Colorado Secretary of State asks judge how to deal with rogue electors
Colorado Secretary of State Wayne Williams filed a legal motion Friday asking a judge to clarify what should happen to members of the Electoral College who defy state law and choose not to cast their ballots for the presidential candidate who won the state.
In a motion to the Denver District Court, Williams filed a petition to “settle a controversy between the Secretary, as an official charged with duties under the Election Code, and the presidential electors, as officers or representatives of a political party.”
In the motion, Williams says at least two of Colorado’s national electors, both Democrats, have indicated they would not vote for Hillary Clinton and Tim Kaine as state law requires. (They argue they can vote for whomever they want, and earlier this week filed a lawsuit against Colorado attacking the state law as unconstitutional.)
The motion, quoted below, asks the court to do a few things:
A. Declare that under C.R.S. § 1-4-304(5), Colorado’s presidential electors are required to vote for the presidential candidate and vice presidential candidate who received the most votes in the general election. In 2016, those candidates are Hillary Clinton for president and Timothy Kaine for vice president.
B. Declare that refusal of a presidential elector to cast his or her vote in accordance with C.R.S. § 1-4-304(5) constitutes a “refusal to act,” which creates a vacancy in that presidential elector’s office by operation of law.
C. Declare that if any vacancy in the office of a presidential elector occurs, the remaining presidential electors present shall immediately fill the vacancy by majority vote pursuant to § 1-4-304(1). Determine that the presidential electors may fill any vacancy with any registered elector in the state who is nominated by the Democratic Party of Colorado, the Colorado Secretary of State, the Court, or another party selected by the Court.
D. Declare that presidential electors do not need a quorum to fill the vacancy under § 1-4-304, § 2-4-111, or any other state law.
E. Declare that if no presidential elector acts or if all presidential electors’ offices are vacant, then the Democratic Party of Colorado, the Colorado Secretary of State, the Court, or another party selected by the Court shall immediately fill all vacancies and may select any registered elector nominated by the party designated in request C above.
F. Order the Respondents, and the other presidential electors similarly situated, to substantially comply with the Election Code by casting their Electoral College votes for Hillary Clinton and Timothy Kaine, who are the presidential candidate and vice presidential candidate who received the highest number of votes at the preceding presidential election in this state, unless enforcement of § 1-4-304(5) is enjoined by the federal district court; or, alternatively,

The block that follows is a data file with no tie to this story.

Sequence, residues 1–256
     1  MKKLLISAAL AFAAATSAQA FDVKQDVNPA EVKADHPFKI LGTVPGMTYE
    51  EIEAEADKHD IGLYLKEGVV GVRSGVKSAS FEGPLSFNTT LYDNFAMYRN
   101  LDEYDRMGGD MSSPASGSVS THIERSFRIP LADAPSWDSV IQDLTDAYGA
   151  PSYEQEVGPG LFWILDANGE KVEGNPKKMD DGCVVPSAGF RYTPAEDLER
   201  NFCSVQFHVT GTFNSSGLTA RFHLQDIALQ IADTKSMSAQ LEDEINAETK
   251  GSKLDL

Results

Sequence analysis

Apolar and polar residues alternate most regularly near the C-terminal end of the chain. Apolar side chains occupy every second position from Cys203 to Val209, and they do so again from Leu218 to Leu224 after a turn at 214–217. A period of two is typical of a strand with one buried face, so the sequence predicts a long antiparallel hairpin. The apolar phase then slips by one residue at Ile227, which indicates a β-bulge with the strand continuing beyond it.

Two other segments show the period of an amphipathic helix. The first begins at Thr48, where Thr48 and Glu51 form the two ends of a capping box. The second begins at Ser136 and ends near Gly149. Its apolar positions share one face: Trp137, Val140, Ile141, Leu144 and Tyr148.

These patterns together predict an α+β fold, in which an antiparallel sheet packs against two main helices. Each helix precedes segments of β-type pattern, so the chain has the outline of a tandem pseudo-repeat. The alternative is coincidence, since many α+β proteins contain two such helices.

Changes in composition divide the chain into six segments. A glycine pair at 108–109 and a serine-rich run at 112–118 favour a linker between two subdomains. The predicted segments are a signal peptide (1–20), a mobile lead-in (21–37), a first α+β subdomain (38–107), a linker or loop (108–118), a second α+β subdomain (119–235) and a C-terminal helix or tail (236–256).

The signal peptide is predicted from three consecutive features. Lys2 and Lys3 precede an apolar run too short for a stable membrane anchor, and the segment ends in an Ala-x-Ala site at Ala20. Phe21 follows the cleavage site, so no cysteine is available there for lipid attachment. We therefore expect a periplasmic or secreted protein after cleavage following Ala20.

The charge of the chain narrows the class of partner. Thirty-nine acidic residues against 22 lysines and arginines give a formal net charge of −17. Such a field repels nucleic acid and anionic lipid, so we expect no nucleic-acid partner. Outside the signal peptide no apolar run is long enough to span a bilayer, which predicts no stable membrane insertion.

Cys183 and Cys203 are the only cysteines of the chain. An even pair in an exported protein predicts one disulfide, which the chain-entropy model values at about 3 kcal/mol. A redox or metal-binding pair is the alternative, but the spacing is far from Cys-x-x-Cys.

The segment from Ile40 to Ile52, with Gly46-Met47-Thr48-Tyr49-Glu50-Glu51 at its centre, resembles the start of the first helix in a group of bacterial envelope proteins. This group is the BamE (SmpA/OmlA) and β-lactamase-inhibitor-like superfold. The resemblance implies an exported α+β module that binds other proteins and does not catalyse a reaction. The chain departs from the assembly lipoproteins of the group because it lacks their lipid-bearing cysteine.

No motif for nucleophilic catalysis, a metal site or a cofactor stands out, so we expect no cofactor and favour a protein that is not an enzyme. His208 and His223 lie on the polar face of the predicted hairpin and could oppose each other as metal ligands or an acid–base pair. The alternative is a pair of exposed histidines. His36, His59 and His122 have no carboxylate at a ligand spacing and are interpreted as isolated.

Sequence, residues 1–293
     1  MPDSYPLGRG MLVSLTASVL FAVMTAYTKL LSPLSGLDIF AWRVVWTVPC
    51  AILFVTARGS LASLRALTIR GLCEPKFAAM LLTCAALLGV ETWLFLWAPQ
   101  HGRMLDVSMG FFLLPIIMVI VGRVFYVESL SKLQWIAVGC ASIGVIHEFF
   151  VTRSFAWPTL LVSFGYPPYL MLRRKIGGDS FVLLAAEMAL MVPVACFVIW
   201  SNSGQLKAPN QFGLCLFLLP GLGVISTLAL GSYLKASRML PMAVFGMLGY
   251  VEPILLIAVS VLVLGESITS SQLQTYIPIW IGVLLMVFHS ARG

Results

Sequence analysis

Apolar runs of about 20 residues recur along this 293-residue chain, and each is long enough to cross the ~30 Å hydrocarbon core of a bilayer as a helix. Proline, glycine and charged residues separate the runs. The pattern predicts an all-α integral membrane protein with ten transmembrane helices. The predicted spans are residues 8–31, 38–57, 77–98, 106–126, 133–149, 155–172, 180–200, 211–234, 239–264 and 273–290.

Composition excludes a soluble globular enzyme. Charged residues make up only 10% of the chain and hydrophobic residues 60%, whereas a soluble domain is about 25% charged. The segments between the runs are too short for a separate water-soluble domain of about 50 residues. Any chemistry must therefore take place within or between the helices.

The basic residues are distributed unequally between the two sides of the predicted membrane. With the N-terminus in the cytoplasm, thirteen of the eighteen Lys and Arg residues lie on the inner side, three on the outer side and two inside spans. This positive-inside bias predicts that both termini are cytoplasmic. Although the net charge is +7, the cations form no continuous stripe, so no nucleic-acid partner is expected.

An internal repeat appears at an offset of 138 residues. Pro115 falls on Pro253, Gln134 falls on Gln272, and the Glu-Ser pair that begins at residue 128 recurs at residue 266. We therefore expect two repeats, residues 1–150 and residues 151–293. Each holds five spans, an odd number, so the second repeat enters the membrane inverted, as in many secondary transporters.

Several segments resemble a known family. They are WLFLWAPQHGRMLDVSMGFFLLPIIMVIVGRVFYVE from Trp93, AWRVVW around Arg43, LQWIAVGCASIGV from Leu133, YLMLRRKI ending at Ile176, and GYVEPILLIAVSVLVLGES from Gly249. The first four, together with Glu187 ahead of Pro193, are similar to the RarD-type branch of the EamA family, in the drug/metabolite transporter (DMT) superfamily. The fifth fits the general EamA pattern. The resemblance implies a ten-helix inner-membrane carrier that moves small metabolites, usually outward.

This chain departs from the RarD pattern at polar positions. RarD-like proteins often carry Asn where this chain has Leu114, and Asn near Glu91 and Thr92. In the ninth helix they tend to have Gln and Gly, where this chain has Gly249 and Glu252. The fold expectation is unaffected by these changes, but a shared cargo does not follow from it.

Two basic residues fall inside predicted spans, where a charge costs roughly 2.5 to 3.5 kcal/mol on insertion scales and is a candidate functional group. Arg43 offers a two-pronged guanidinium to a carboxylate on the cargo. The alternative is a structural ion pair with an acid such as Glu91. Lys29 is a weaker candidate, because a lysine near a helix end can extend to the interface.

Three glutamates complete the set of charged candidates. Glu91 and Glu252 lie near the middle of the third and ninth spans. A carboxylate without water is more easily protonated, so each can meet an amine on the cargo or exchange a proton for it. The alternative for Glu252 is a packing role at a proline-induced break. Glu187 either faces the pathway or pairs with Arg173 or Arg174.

G. Enjoin the Respondents to cast their Electoral College votes for Hillary Clinton and Timothy Kaine, unless enforcement of § 1-4-304(5) is enjoined by the federal district court.
H. Grant such other and further relief as the Court deems just and proper.
Late Friday afternoon, Jason Wesoky, a lawyer representing the two electors, former State Sen. Polly Baca of Denver and Bob Nemanich of Colorado Springs, said he had not been notified about the petition, and heard about it from The Colorado Independent.
“The Secretary of State filed this without providing myself or my clients any notice, which is consistent with the adversarial approach the Secretary of State has taken since the outset,” he said.
His comment is a reference to harsh language Williams used in his response to media about this week’s lawsuit brought by the electors. He called their effort “evil,” “odious,” “arrogant” and part of an “illegal conspiracy,” among other things.
Though they are Democrats, the electors want to vote for someone other than Clinton if they can persuade enough of their fellow 536 other national electors to rally behind an alternative to Donald Trump and keep him from the White House. So far, only a handful have agreed to the plan, seven Democrats from Colorado and Washington state, and one Republican from Texas.
The hearing is set for Tuesday afternoon, said a spokesperson for the secretary of state.
Read the petition here: petition-under-1-1-113-1
Photo courtesy Karen Neoh for Creative Commons on Flickr
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